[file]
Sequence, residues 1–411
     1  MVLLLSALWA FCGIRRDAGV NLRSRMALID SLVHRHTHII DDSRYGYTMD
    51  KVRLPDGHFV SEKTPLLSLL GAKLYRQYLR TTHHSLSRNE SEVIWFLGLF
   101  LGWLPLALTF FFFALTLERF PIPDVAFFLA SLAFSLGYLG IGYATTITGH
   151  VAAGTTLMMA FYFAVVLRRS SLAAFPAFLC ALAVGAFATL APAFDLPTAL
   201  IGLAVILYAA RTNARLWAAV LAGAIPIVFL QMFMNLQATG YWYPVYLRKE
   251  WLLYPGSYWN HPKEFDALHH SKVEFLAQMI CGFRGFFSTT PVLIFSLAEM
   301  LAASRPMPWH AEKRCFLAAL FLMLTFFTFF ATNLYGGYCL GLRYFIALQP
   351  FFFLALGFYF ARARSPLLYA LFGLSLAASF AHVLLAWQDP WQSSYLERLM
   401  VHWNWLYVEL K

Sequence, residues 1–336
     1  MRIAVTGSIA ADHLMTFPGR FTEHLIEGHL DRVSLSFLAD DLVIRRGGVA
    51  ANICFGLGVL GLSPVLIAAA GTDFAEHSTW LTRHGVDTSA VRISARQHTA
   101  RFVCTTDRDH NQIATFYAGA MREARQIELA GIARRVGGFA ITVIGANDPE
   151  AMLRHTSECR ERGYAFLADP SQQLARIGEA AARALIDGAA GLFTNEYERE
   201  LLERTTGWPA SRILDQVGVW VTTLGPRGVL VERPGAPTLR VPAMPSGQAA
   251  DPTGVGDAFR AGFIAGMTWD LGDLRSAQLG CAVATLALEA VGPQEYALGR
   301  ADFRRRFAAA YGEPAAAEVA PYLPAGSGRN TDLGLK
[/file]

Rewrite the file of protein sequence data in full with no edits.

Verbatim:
Sequence, residues 1–411
     1  MVLLLSALWA FCGIRRDAGV NLRSRMALID SLVHRHTHII DDSRYGYTMD
    51  KVRLPDGHFV SEKTPLLSLL GAKLYRQYLR TTHHSLSRNE SEVIWFLGLF
   101  LGWLPLALTF FFFALTLERF PIPDVAFFLA SLAFSLGYLG IGYATTITGH
   151  VAAGTTLMMA FYFAVVLRRS SLAAFPAFLC ALAVGAFATL APAFDLPTAL
   201  IGLAVILYAA RTNARLWAAV LAGAIPIVFL QMFMNLQATG YWYPVYLRKE
   251  WLLYPGSYWN HPKEFDALHH SKVEFLAQMI CGFRGFFSTT PVLIFSLAEM
   301  LAASRPMPWH AEKRCFLAAL FLMLTFFTFF ATNLYGGYCL GLRYFIALQP
   351  FFFLALGFYF ARARSPLLYA LFGLSLAASF AHVLLAWQDP WQSSYLERLM
   401  VHWNWLYVEL K

Sequence, residues 1–336
     1  MRIAVTGSIA ADHLMTFPGR FTEHLIEGHL DRVSLSFLAD DLVIRRGGVA
    51  ANICFGLGVL GLSPVLIAAA GTDFAEHSTW LTRHGVDTSA VRISARQHTA
   101  RFVCTTDRDH NQIATFYAGA MREARQIELA GIARRVGGFA ITVIGANDPE
   151  AMLRHTSECR ERGYAFLADP SQQLARIGEA AARALIDGAA GLFTNEYERE
   201  LLERTTGWPA SRILDQVGVW VTTLGPRGVL VERPGAPTLR VPAMPSGQAA
   251  DPTGVGDAFR AGFIAGMTWD LGDLRSAQLG CAVATLALEA VGPQEYALGR
   301  ADFRRRFAAA YGEPAAAEVA PYLPAGSGRN TDLGLK